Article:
Mathematical model of well productivity index for Forchheimer flows in fractured reservoirs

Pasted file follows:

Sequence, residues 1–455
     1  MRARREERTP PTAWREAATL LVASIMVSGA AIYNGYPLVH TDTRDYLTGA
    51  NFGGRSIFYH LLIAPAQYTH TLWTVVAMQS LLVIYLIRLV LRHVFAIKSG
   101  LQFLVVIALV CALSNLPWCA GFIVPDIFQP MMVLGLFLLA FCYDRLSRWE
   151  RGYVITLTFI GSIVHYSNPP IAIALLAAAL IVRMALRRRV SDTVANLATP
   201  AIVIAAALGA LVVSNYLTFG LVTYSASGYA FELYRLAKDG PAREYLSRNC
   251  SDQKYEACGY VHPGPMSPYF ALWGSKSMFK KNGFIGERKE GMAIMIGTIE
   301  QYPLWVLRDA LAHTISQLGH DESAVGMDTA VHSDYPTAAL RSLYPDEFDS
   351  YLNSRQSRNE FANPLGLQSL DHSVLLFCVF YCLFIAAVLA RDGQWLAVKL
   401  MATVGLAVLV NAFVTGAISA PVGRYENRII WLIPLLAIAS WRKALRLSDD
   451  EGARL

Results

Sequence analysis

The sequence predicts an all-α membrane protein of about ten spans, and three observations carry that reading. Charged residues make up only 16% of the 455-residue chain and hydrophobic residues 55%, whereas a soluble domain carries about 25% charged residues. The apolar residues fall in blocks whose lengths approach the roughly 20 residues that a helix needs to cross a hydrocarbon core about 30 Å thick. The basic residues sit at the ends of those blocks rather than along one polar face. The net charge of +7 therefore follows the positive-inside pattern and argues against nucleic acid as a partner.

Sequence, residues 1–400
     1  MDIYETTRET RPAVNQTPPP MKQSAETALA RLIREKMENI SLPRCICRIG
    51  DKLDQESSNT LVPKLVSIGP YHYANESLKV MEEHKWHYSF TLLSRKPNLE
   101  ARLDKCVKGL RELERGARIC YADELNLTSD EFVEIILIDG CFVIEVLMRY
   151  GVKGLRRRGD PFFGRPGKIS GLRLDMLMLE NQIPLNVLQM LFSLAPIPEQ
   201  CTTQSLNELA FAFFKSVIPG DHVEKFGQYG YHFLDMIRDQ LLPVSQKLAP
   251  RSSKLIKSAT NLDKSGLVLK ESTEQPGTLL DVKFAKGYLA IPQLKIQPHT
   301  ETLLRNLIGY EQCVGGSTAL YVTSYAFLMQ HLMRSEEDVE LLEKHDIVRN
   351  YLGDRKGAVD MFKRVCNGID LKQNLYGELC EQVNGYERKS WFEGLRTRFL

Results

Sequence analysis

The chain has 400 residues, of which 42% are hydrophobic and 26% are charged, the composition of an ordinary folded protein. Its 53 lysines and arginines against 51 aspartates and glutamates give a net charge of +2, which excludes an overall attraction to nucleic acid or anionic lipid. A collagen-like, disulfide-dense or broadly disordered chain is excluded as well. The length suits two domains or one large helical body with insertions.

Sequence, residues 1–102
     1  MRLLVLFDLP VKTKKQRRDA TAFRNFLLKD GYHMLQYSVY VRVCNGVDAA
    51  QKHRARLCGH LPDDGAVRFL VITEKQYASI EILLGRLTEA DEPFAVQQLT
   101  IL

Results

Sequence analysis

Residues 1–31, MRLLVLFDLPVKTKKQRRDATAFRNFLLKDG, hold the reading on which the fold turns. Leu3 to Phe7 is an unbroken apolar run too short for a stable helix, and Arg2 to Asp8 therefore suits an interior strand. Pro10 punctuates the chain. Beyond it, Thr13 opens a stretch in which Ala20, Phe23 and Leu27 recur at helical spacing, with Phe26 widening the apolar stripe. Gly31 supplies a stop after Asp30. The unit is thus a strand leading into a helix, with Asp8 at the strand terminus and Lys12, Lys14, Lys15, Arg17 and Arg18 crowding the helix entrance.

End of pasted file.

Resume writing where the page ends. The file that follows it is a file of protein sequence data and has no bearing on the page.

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Porous media (rocks, soils, aquifers, oil and gas reservoirs) plays an essential role in our modern environment. The pores of such material are usually filled with fluid, liquid or gas, and the flow of the fluids through the media is a subject of common interest of many different fields of study. In the middle of 19th century, Henry Darcy experimented on water filtration through sand and he eventually formulated the famous Darcy's law which relates the pressure gradient to the velocity of the fluid linearly. This empirical law laid the foundations for the quantitative theory of fluid dynamics. However, linear law has limited range of validity. In 20th century, Forchheimer proposed his equations to account for the nonlinearity of the flow. In this thesis we generalize the Forchheimer equations and examine the properties of the corresponding parabolic partial differential equations. The developed framework is used to study the well productivity index (PI) as a functional defined on the solutions of differential equations modeling non-linear flows. Petroleum engineers use the PI to characterize the well performance to manage the well reserves. We study the long term dynamics of the PI and its dependence on the nonlinearity and geometric parameters. The obtained results can be effectively used in reservoir engineering and can be applied to other problems modeled by the nonlinear diffusive equations.